Wayne State University

TechTown startup wins $200k grant for revolutionary stem cell technology developed by Wayne State University

DETROIT, May 3, 2010— MitoStem, a startup company in TechTown’s SmartStart business accelerator program, has received a $200,000 Small Business Innovation Research (SBIR) Phase I grant from the National Institutes of Health to optimize its revolutionary stem cell technology developed at Wayne State University. MitoStem received double the standard amount for a Phase I SBIR grant because the award was issued under the American Recovery and Reinvestment Act of 2009.

“This grant allows us to optimize our exciting technology and will allow researchers to develop new stem cell lines relevant for a variety of diseases,” MitoStem founder and president Jim Eliason said. “It will also enable the creation of stem cells from patient's own cells for replacement of diseased and damaged tissues.”

MitoStem (also known as TechTown Ventures) is focused on stem cell research and, more broadly, regenerative medicine. Stem cells have the ability to reproduce themselves (self-renewal) and are pluripotent, meaning they differentiate into all the cell types found in the body. Thus, in the future, pluripotent stem cells (PSC) will be able to replace diseased and damaged organs. Until recently, only stem cells derived from embryos were thought to be pluripotent. In addition, these cells can be used to study certain genetic diseases when they come from embryos with the specific genetic mutation. However, there are controversies associated with using cells from embryos and they can only be used for diseases that are diagnosed during assisted reproduction (in vitro fertilization).

Recently, it has been possible to reprogram mature adult cells to create induced pluripotent stem cells (iPSCs), which are like embryonic stem cells with respect to their self-renewal and differentiation capacities. The initial methods for reprogramming focused on delivery of four genes using genetic transduction methods that potentially can create mutations, tumors or both. Within the past year, several laboratories have been able to reprogram cells by direct delivery of four proteins to adult cells. However, reprogramming directly with proteins suffers from two major problems: very low efficiency of iPSC generation and extremely high costs of reprogramming proteins, making it impractical for use on a routine basis.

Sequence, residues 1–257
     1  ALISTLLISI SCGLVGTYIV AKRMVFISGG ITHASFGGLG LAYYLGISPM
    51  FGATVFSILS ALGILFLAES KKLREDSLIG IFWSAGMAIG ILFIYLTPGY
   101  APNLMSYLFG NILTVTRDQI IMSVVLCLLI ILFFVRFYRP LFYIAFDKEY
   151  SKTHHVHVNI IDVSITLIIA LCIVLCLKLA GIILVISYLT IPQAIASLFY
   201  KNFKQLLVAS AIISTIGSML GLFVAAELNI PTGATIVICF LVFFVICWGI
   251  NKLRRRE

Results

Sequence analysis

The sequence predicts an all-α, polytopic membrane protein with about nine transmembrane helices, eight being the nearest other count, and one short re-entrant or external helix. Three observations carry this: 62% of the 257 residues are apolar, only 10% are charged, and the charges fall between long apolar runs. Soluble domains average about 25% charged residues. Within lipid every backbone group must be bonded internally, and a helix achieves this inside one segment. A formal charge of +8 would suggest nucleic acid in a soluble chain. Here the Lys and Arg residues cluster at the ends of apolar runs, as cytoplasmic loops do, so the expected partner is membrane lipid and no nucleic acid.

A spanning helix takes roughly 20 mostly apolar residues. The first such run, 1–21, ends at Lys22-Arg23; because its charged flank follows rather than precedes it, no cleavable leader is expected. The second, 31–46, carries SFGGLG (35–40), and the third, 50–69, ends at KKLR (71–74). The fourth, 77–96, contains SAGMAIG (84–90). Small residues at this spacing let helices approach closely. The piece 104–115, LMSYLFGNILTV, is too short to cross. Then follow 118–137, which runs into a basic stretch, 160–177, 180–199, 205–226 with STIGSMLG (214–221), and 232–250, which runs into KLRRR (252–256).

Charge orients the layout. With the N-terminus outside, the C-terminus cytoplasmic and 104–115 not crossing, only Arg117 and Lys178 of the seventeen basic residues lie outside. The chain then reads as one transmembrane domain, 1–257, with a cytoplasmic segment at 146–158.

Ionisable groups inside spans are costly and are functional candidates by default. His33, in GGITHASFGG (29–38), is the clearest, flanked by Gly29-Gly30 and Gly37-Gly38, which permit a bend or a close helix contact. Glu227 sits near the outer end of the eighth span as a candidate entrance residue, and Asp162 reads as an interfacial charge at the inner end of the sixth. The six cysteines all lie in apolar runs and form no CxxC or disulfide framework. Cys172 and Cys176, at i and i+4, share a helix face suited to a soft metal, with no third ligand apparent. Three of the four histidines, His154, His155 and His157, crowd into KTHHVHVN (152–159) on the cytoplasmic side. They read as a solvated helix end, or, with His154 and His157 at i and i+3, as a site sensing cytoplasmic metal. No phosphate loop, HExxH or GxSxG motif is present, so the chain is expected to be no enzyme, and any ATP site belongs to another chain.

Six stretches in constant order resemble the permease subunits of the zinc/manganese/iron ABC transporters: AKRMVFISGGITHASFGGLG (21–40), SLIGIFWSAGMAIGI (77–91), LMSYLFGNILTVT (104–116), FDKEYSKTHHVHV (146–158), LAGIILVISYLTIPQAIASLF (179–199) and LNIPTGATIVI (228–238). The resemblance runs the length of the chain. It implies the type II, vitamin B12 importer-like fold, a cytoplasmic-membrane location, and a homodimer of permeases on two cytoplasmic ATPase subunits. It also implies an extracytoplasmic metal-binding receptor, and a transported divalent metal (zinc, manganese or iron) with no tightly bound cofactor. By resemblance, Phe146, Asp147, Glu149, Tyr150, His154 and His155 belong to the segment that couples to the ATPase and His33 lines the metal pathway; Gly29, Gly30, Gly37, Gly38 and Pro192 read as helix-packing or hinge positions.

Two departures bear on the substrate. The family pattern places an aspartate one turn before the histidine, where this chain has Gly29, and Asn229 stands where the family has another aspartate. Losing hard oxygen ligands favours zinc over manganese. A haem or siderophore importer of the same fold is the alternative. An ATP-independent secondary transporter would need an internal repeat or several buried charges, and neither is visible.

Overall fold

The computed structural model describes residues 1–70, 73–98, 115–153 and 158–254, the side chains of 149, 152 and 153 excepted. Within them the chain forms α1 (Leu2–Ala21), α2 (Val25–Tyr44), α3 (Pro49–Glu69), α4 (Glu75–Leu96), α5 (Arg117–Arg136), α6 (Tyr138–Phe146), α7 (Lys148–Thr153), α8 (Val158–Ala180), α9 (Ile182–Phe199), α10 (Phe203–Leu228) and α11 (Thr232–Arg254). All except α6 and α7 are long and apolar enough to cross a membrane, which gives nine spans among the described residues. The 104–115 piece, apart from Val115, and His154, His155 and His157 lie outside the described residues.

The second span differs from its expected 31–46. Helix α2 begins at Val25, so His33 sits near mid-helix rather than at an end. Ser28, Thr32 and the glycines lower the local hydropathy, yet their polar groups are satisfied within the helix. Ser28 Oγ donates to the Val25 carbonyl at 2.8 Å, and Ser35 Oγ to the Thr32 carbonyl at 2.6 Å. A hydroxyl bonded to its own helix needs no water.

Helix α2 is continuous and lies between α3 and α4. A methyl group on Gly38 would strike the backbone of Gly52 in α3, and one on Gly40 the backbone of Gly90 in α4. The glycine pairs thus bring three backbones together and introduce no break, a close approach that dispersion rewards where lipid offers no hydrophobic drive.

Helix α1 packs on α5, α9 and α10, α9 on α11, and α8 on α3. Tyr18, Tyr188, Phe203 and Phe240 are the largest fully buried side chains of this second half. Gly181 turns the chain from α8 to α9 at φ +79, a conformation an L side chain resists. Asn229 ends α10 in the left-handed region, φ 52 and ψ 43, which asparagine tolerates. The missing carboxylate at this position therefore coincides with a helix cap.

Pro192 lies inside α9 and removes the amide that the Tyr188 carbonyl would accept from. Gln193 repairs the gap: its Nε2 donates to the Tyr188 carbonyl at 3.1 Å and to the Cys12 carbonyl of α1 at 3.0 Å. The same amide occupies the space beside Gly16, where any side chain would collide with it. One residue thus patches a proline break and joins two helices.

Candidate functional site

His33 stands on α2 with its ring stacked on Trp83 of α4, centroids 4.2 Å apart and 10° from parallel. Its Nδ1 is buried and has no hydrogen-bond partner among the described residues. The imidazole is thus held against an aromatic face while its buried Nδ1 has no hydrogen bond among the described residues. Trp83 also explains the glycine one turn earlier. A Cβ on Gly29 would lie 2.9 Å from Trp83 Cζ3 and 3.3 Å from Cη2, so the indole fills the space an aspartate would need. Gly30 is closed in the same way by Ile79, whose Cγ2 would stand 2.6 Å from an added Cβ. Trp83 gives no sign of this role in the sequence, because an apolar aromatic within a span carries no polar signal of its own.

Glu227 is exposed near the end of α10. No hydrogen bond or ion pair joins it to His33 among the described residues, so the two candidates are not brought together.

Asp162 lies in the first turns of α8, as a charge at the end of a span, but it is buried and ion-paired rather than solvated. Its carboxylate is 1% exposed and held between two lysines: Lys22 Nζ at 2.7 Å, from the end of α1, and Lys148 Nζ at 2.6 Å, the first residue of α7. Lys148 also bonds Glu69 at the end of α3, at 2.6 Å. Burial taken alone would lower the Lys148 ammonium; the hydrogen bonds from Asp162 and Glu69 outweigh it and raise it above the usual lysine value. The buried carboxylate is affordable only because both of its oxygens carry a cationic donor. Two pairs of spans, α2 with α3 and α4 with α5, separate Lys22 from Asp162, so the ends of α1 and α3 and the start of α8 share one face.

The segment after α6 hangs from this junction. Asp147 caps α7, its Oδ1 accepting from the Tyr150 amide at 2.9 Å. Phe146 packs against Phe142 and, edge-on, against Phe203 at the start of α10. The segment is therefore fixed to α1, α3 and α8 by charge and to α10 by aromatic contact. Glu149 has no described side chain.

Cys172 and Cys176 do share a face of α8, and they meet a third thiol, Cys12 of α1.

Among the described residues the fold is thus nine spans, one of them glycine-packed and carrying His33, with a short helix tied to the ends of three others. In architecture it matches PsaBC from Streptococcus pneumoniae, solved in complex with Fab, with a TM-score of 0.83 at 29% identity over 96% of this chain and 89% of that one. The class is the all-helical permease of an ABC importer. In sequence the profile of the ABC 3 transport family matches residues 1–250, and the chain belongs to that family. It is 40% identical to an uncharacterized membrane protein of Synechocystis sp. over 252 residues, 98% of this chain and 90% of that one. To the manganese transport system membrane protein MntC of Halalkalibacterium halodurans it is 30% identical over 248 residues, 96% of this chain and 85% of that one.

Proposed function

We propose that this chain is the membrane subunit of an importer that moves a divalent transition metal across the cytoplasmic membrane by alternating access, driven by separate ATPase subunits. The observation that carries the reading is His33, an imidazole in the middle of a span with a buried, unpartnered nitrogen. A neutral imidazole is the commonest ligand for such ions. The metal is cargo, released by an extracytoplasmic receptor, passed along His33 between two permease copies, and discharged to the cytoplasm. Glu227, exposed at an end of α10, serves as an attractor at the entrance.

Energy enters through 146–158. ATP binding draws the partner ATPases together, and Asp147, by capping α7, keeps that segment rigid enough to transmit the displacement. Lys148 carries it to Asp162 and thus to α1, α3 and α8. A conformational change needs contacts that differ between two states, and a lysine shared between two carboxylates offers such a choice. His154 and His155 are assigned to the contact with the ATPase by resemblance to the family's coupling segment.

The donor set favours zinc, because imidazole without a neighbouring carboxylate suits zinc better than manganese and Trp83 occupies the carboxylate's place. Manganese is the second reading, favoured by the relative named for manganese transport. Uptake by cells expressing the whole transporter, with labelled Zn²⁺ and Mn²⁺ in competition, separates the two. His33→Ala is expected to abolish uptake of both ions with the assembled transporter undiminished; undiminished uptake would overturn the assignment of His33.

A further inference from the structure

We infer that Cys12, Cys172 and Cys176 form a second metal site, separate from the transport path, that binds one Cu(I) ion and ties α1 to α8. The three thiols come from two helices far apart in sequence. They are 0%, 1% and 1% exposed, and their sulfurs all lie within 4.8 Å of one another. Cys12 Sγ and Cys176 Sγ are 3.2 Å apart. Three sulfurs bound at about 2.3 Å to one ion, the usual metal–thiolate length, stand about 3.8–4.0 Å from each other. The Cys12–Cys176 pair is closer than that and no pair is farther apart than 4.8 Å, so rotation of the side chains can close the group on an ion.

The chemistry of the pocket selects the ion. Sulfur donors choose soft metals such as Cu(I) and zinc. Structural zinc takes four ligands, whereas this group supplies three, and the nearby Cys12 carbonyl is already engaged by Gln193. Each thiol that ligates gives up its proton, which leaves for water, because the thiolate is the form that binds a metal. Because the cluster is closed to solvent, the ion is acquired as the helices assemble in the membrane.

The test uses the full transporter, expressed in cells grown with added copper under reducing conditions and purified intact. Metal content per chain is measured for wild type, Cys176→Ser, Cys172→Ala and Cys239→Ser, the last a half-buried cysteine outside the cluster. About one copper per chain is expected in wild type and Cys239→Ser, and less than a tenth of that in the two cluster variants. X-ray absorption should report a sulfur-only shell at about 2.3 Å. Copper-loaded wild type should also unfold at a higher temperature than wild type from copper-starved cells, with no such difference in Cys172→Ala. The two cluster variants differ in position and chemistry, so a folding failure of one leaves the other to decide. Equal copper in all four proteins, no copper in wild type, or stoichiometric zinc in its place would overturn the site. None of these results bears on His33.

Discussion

MitoStem has obtained the rights to commercialize this novel technology developed at Wayne State University that will make generation of iPSCs more practical, simple and affordable. This protein transduction technology, which is a highly efficient method to deliver purified reprogramming proteins into the nuclei of cells, will significantly enhance the efficiency of generating iPSC.

The combination of higher transduction efficiency and low-cost proteins will make the direct protein approach to creating iPSCs accessible to many more investigators than the current protein transduction technologies. The increased safety of this method over genetic methods will have a revolutionary effect on iPSC research and regenerative medicine.


TechTown is an urban community of entrepreneurs, innovators, investors, mentors and corporate partners creating an internationally influential village in Detroit. TechTown brings the resources of Wayne State University to high-technology startup companies to diversify and strengthen Michigan’s economy in high-growth emerging industries. The SmartStart business accelerator program provides two years of intensive entrepreneurial support for innovative startups including mentoring, coaching, access to funding opportunities and more. For more information, visit www.techtownwsu.org.


Wayne State University is one of the nation’s pre-eminent public research universities in an urban setting. Through its multidisciplinary approach to research and education, and its ongoing collaboration with government, industry and other institutions, the university seeks to enhance economic growth and improve the quality of life in the city of Detroit, state of Michigan and throughout the world. For more information on research at Wayne State University, visit http://www.research.wayne.edu.


Nichole Christian, Director of Communications
(313) 879-5248

Allison Lumb, Marketing Coordinator
(313) 879-4478

Julie O’Connor, Director of Research Communications
Wayne State University
(313) 577-8845